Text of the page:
We lived for ten years in Ketchikan, Alaska. The visitors bureau ads are absolutely right: "Visit Alaska, you'll never come all the way home." Although we (my wife, daughters, and I) are natives of California and Colorado and we are once again living on the "outside" (as Alaskans refer to everywhere else) we still feel that Alaska is home. We would love an opportunity to return there.
The complexities of life there are distinctly different than life on the Outside. We had no city water water system, nor any well. Rainfall (156 inches per year) was collected and stored in a 12,000 gallon tank standing next to the house. Monitoring and maintaining the water system was a new complexity for us.
Scraping snow off the barbecue grill so we could cook dinner was a new experience. Even though the stove in the house was working, we couldn't stay inside all the time.
Living on an island was also an adjustment. Swimming and cold water survival skills are required subjects for every child at every grade level from 1 to 12. Taking a ferry to get anywhere else you wanted go... even if you were flying there the airport was on another island which you reached by ferry. Virtually nothing other than salmon was produced locally; all foodstuffs, household goods, and supplies were brought in from Outside. That's OK as long as the weather doesn't disrupt the transportation system for more than a few days. Oh, and when school pictures are delivered you can't find a picture frame in any store in town for nearly a month afterward.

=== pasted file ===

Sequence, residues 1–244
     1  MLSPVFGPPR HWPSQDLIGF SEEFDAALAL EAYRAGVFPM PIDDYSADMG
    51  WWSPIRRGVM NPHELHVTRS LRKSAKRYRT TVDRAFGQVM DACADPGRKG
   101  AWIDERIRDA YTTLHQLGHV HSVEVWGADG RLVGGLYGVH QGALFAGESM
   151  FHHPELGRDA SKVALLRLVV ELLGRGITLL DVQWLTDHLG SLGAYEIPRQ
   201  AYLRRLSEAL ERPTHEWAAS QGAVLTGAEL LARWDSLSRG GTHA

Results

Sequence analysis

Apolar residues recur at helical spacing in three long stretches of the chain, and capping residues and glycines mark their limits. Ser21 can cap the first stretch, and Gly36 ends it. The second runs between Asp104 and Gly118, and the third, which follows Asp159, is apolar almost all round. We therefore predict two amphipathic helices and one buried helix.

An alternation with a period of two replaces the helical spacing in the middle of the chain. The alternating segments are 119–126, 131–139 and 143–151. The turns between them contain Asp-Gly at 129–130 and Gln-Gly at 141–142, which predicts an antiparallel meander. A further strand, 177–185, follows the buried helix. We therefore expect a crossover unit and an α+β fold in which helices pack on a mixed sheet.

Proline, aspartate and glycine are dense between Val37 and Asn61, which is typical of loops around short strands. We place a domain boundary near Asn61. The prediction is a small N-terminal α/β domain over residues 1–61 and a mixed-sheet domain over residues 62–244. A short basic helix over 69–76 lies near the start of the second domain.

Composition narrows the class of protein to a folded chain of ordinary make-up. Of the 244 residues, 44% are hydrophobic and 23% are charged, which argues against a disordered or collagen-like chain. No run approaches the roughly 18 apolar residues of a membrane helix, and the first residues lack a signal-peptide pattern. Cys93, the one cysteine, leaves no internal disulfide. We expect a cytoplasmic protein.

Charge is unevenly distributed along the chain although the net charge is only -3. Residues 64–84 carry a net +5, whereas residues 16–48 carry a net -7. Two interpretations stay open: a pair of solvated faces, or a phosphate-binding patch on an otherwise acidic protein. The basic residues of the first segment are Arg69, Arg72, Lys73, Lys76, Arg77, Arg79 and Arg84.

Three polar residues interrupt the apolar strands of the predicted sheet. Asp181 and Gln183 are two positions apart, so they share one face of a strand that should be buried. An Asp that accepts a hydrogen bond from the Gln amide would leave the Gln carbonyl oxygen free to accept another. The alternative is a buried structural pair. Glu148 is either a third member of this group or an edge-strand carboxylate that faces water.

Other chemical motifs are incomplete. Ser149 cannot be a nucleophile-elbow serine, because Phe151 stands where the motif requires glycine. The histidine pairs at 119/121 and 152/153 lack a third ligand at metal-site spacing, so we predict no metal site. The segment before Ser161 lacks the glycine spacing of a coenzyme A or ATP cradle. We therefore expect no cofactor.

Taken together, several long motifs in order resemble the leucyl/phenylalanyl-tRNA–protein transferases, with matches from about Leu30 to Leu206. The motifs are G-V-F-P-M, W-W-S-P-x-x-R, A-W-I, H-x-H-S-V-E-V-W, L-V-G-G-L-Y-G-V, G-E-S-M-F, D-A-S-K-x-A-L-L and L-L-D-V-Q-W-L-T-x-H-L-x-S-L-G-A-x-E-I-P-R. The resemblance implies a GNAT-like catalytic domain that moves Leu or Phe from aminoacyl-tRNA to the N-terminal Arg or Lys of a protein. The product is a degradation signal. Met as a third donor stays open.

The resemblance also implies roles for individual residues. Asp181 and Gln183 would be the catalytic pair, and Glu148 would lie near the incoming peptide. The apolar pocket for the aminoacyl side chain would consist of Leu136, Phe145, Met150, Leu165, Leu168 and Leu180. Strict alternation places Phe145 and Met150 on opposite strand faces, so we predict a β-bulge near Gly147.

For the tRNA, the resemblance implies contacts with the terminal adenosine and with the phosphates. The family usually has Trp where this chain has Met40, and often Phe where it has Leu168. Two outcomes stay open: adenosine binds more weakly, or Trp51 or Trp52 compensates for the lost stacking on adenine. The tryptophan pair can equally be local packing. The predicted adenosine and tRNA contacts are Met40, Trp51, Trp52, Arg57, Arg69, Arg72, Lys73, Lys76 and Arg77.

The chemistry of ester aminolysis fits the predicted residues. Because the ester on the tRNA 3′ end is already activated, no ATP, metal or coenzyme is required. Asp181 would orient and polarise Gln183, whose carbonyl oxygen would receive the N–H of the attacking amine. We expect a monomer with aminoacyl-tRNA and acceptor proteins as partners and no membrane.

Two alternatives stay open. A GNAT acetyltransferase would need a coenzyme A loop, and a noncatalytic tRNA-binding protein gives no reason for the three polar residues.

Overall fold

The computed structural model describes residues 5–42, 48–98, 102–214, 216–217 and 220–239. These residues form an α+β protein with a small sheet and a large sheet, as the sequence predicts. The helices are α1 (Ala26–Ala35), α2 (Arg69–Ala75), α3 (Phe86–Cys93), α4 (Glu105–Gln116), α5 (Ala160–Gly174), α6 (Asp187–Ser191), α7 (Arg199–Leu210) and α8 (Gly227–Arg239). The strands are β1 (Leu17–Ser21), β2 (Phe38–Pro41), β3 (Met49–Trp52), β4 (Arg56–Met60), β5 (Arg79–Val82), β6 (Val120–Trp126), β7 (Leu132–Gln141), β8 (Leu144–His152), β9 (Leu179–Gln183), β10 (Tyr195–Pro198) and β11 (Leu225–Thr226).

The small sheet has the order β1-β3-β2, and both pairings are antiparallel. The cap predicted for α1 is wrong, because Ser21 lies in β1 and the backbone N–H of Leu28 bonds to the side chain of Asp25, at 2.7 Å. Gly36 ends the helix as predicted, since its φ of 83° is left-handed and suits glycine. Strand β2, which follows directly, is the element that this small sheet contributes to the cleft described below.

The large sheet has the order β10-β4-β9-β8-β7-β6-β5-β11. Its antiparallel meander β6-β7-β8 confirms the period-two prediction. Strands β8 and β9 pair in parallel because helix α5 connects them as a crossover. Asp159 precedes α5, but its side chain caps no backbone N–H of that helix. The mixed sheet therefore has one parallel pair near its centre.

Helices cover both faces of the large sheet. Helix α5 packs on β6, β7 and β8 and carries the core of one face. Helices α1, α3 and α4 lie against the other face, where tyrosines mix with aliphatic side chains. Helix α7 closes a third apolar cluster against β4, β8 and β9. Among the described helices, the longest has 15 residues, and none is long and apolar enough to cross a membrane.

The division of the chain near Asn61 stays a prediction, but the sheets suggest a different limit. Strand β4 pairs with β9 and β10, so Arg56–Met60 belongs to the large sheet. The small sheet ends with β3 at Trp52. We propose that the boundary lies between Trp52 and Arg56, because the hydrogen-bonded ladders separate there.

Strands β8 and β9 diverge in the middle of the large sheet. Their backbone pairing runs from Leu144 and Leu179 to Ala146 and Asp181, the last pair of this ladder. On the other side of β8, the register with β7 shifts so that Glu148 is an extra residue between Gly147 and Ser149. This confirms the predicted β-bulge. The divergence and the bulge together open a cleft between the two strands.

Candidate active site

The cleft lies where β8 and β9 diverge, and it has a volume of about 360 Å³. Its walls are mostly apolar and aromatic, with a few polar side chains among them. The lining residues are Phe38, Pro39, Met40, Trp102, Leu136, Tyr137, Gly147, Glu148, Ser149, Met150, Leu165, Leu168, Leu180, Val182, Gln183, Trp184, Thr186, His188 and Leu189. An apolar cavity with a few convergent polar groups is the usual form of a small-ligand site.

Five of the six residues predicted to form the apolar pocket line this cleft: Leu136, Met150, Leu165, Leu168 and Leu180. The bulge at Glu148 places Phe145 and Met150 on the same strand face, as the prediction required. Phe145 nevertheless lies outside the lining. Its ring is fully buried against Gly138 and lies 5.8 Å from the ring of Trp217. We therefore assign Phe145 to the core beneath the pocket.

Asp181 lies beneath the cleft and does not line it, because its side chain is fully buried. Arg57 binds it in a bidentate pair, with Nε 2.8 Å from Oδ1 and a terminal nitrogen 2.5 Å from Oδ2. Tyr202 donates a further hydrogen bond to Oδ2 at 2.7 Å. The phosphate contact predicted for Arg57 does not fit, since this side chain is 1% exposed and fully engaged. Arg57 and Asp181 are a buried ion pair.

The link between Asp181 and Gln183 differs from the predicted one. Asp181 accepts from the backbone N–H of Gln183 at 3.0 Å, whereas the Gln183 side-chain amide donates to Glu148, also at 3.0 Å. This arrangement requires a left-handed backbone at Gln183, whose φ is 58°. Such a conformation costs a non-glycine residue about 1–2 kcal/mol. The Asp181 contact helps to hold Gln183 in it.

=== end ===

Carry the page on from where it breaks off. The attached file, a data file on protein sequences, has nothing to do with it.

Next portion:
A peculiar torture was watching television (two broadcast stations from Canada) and seeing fast food ads. When you get a "Big Mac attack" and the nearest McDonalds is 700 miles away it can be discouraging. When we flew home from Outside friends would pay us $5.00 each to bring them Big Mac sandwiches which they microwaved and enjoyed, sometimes days later.
Of course some of these peculiarities were offset by sitting in our living room and watching the whales migrate past our front window. Or the bald eagles that nested across the street. Or the times we came home from work and found a brown bear on our front porch ("Let's get dinner in town tonight!").
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